If there’s anything we’ve learned over the last 18 months, it’s that we need to be adaptable. Still shaken by Covid-19, our customers are making product (and correlated label purchasing) decisions with caution. Changing expectations and regulations have disrupted manufacturing, and shortages in raw materials and labor are causing huge problems in supply chains. Add to that, many businesses are scrambling to meet demand for items they never had to worry about before.
Customers want partners that offer them confidence that they’re not getting elsewhere. Confidence that you can manage whatever they need in a timely (and budget-conscious) fashion. And confidence that you can manufacture the printed materials that can help them grow.
Savvy label and packaging entrepreneurs are embracing two major trends to stay ahead of the game: investing in new equipment platforms and forging mergers, acquisitions and alliances. Though both activities have always been available growth strategies, they are now imperatives. Yet, these actions are costly and have no guarantees. They need to be orchestrated wisely to ensure you attain your objectives.
Equipment and technological investments
I’ve always said buying equipment isn’t a strategy but how you utilize it is. What I mean by that is if success were based only on who has the latest and greatest equipment, then the players with the most cash should win. Look at the market, and you can see that’s clearly not the case. It’s the providers with the platform that best fits their customers (and prospects) that are always the leaders.
There are plenty of equipment salespeople talking you up on a ‘good investment’. But carving out a CAPEX trajectory needs to be based on responding to the needs, issues and future of your loyal customers. Before you embark on a new idea, make sure it aligns with where your customers are going. More important, make sure it’s one that ensures their growth as much as it does your own.
If you stop preparing for change and evolving, you’re preparing to die
Many companies (and industries) are struggling with a multitude of issues right now. As label and packaging companies, we’re a key part of their brand. We have the unique opportunity to provide solutions that drive sales and help them surpass some of these pressures.
Bring your top 20-30 customers closer. Meet with their executives, purchasers, and sales and marketing leaders and discuss their goals. Companies that understand the needs and issues of their customers’ markets are the winners. A word of caution, however, don’t try to build your business around dying industries. Consider your ‘top customers’ wisely as you make your investments. Investigate their markets and do your due diligence. Make sure you believe in their arenas and possibilities ahead.
Additionally, as you plan your CAPEX, make sure it opens up new avenues for you as well. No matter how reliable your customers are, every great business is great because it continually forges new opportunities.
Merger, acquisitions and alliances
Larger, more diversified companies typically have an advantage. But being larger isn’t a strategy. You must have a unique (and in-demand) capabilities base or platform to gain real advantage. With M&A being the quicker way to accomplish this, we’re seeing increased activity from smaller and mid-sized players. This is happening enough that we’re starting to see some new market giants emerging.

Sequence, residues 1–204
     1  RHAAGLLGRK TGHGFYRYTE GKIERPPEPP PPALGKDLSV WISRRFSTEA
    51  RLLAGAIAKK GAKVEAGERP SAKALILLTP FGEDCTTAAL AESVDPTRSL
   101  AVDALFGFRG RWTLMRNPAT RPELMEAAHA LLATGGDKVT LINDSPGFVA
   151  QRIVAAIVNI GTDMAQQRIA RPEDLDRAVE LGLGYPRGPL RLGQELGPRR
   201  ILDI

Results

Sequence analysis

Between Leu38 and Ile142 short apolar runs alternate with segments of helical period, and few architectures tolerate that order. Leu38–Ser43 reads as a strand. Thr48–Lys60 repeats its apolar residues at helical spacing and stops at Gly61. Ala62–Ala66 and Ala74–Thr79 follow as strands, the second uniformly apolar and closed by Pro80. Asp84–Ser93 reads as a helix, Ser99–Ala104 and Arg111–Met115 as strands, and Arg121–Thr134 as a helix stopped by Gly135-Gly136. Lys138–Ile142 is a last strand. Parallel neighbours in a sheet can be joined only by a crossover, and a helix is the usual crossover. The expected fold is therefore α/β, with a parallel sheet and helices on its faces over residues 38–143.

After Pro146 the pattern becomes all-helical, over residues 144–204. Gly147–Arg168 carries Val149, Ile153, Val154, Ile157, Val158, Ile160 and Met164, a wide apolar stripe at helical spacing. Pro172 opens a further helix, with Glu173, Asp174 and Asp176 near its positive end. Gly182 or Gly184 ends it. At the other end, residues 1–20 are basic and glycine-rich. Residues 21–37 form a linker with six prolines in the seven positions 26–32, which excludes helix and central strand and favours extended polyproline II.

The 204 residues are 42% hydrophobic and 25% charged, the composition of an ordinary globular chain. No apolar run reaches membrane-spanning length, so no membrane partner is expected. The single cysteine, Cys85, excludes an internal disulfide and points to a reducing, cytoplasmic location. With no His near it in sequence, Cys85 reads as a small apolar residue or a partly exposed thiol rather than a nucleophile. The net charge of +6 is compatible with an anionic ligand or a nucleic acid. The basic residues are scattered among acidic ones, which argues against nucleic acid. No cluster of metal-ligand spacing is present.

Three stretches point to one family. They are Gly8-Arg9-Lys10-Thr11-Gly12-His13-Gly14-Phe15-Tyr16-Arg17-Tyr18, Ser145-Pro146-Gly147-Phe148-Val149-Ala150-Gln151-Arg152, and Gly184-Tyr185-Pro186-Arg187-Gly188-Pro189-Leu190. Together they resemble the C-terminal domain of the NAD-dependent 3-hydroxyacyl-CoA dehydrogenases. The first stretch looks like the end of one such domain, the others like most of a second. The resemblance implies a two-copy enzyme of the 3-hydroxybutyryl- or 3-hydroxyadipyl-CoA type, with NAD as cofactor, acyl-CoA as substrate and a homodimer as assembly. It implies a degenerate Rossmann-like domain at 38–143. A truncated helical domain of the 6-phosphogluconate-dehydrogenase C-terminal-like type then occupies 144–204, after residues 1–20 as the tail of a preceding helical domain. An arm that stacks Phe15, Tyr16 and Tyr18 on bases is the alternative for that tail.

We’ve always described our industry as fragmented, and even after many years of consolidation, we remain so. Indeed, our $9.6bn US label and packaging market and much larger global arena encompass numerous businesses providing for various portions of buyers’ total needs. With the growing number of SKUs, reduction in shelf life, and changing regulatory content that must be present on the label/package, there’s increasing demand for better solutions and more attractive labels. Moreover, customers globally want the flexibility, efficiencies, savings and opportunities presented by digital. Thus, a digital branch is essential to compete. You must also have the ability and expertise to
serve the needs of different vertical markets – especially those that are thriving in the current economy.
As you seek potential acquisitions or alliances, ask yourself these questions: If your top customers grow, what might you need to handle their increasing volumes? What label and packaging gaps exist in your regional areas, and how valuable are they if you can fill? E-commerce is considered one of the biggest opportunities for growth. What technologies/personnel/workflow systems do you need to manage these sales efficiently – and market your company for the greatest impact? Where are your seasonal downturns, and what capabilities/geographic reach do you need to adjust for these? And finally, do you have the structure, people and know-how to identify and penetrate new, profitable markets?
Take some time to evaluate and understand your business, the issues and needs of your customers, and your competitors. Can you reach your growth initiatives better by an equipment investment or by an M&A venture or strategic alliance? How can you accomplish these activities without becoming a victim of any new organization? These can be
complex considerations. Gaining the perspective of an outside expert may be key to help you sort through your best options.
In the end, labels and packaging is no different than any other business. If you stop preparing for change and evolving, you’re preparing to die. Let’s plan on a long life and develop a plan not just to be seen as a vendor to your client base but rather as a partner to grow and succeed together.